The PRESBYTERIAN UNION (1870-1949), originally named the Cleveland Presbyterian Church Union, formed in 1870 and was incorporated on 24 Apr. 1891. A voluntary association of Presbyterians, pastors, and officers from several churches in Greater Cleveland, it organized to extend local Presbyterianism, establishing a network of mission churches, Sunday schools, and other religious and humanitarian enterprises throughout the city. The preliminary planning meeting on 13 Nov. 1869 in the chapel of Westminster Church, Prospect and Huntington streets, was attended by officers of the FIRST PRESBYTERIAN (OLD STONE) CHURCH, and Second, Euclid St. (Third), and Westminster Presbyterian churches. On 10 Jan. 1870, also in Westminster church, 16 representatives (from First Presbyterian of Euclid [later FIRST PRESBYTERIAN CHURCH OF EAST CLEVELAND], and Old Stone, Miles Park, Parma, Second, Euclid St., and Cleveland West Presbyterian churches) elected officers. These included: president, Rev. William Henry Goodrich, D.D.; vice-president, Rev. James Eells, D.D.; secretary, Caleb S. Bragg; and treasurer, JOSEPH PERKINS. The executive committee included Reuben F. Smith, SOLON L. SEVERANCE, and George H. Wyman. The union, meeting quarterly, assumed the financial responsibility for helping many Presbyterian churches and/or mission Sunday schools get started, helped churches finance building programs, repairs, and maintenance, and contributed to pastors' salaries. After incorporation, the union could hold property. Funds came from individual donations and church contributions.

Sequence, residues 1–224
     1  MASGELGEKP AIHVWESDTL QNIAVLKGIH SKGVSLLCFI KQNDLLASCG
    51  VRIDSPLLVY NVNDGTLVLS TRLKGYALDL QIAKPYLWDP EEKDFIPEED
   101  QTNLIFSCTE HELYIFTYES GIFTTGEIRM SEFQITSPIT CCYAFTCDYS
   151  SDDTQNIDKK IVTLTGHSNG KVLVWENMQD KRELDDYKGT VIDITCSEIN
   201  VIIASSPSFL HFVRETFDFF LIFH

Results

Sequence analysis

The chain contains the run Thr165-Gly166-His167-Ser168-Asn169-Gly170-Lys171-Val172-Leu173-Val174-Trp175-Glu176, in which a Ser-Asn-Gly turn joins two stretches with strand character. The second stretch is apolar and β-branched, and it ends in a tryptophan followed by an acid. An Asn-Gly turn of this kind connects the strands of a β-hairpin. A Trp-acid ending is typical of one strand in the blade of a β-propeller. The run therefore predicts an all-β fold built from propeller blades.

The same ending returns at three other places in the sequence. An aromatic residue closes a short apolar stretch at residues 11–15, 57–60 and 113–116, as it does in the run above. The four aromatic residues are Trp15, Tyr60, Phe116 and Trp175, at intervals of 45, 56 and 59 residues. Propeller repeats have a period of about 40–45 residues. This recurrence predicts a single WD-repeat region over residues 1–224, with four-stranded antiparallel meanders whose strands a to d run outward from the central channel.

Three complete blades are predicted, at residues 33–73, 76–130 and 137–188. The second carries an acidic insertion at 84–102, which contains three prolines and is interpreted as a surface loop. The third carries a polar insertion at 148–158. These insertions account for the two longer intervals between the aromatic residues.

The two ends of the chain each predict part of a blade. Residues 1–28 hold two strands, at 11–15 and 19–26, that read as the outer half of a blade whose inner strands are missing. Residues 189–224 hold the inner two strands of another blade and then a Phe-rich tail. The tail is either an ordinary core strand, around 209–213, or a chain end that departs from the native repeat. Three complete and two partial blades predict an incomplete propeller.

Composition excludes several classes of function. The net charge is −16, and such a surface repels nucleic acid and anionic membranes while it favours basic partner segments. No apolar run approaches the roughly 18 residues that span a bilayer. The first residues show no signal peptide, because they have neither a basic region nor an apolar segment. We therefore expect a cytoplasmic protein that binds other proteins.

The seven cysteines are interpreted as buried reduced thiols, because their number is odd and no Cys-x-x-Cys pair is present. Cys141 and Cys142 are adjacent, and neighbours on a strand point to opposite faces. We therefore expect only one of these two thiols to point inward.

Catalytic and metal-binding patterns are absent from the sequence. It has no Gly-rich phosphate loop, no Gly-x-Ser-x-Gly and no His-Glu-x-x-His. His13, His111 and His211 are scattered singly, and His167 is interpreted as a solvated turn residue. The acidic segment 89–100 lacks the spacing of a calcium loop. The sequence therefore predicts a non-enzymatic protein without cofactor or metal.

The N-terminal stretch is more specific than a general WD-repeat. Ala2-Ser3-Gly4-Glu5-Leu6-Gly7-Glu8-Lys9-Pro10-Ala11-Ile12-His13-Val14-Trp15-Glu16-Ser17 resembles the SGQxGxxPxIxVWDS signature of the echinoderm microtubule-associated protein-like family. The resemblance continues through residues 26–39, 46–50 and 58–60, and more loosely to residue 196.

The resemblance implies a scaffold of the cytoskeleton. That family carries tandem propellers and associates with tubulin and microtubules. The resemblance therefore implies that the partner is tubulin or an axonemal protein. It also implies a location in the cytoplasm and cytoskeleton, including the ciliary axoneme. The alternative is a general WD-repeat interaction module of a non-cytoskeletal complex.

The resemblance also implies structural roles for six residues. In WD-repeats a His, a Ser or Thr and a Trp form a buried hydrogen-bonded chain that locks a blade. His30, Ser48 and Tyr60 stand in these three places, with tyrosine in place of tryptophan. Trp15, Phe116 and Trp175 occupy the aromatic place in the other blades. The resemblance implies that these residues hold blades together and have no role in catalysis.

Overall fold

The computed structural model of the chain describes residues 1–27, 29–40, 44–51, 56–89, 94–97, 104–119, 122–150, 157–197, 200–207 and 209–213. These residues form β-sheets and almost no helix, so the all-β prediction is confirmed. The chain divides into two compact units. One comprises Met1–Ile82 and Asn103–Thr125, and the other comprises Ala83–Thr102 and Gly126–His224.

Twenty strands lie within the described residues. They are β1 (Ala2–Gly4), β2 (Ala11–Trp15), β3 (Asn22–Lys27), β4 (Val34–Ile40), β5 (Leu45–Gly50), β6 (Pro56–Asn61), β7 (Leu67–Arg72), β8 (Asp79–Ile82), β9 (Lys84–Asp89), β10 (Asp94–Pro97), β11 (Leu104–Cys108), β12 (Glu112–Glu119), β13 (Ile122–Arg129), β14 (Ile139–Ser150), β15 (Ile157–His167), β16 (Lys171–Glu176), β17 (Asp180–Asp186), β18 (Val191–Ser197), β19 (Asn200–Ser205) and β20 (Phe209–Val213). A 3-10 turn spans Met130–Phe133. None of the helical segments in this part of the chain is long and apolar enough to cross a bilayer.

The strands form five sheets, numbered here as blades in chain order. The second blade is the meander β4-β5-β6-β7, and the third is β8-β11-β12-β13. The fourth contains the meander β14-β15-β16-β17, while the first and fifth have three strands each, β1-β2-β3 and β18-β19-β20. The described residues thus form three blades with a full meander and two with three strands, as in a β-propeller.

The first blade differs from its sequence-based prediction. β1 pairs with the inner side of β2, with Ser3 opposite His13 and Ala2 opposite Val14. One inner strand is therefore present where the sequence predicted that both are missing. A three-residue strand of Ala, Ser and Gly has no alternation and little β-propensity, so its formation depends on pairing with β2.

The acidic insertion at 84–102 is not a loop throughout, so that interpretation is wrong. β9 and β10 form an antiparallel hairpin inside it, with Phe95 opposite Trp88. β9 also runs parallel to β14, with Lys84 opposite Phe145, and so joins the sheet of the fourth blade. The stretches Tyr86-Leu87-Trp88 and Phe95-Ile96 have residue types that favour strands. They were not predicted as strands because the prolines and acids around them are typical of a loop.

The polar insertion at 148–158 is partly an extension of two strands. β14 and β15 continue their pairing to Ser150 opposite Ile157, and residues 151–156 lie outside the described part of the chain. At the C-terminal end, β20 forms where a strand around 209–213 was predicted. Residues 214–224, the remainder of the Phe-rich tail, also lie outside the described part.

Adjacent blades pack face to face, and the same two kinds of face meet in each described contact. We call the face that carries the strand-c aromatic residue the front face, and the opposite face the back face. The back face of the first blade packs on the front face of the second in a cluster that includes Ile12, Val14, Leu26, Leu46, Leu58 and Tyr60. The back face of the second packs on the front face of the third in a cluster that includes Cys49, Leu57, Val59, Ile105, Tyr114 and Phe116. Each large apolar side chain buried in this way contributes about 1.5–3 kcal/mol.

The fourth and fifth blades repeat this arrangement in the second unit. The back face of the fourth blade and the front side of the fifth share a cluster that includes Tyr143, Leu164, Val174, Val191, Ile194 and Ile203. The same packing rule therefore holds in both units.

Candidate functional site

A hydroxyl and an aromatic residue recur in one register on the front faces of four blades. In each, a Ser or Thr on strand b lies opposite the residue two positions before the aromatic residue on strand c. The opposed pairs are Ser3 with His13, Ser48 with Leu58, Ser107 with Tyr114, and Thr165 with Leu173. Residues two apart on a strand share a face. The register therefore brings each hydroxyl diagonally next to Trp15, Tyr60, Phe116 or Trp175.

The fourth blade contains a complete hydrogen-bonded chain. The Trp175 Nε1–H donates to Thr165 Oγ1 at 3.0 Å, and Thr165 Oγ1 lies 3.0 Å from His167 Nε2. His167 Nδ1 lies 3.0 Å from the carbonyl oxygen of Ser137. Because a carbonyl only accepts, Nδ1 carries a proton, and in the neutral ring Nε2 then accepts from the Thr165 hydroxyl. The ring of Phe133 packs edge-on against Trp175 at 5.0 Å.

As president, Dr. HIRAM COLLINS HAYDN of Old Stone Church (1874-75, 1908-13) and TRUMAN P. HANDY (1873-74, 1875-93) guided the union during critical years. The union helped to expedite and celebrate the centennial of Presbyterianism in Cleveland, held 12-14 Nov. 1911. At this time, it extended opportunity for membership to all Presbyterians, and in 1928 it developed a new constitution, making it possible for all Presbyterian churches to be represented on the Board of Trustees. During the Depression, the union provided emergency funds for many churches in danger of closing. It also established and maintained Harkness Camp (1919-45), a coeducational camp near Willoughby, OH.

Later, the union evolved into a social organization for fellowship and service. Many of its activities overlapped with those of other Presbyterian organizations; consequently, in 1948-49 the Endowment Fund of the Cleveland Presbytery, the Church Extension Committee of the Presbytery of Cleveland, and the Presbyterian Union consolidated into a single corporation, entitled the Board of Trustees of the Presbytery of Cleveland (later the Presbytery of the Western Reserve). The combined organizations first met on 20 Feb. 1949.

Ludlow, Rev. and Mrs. Arthur Clyde. History of Cleveland Presbyterianism (1896).


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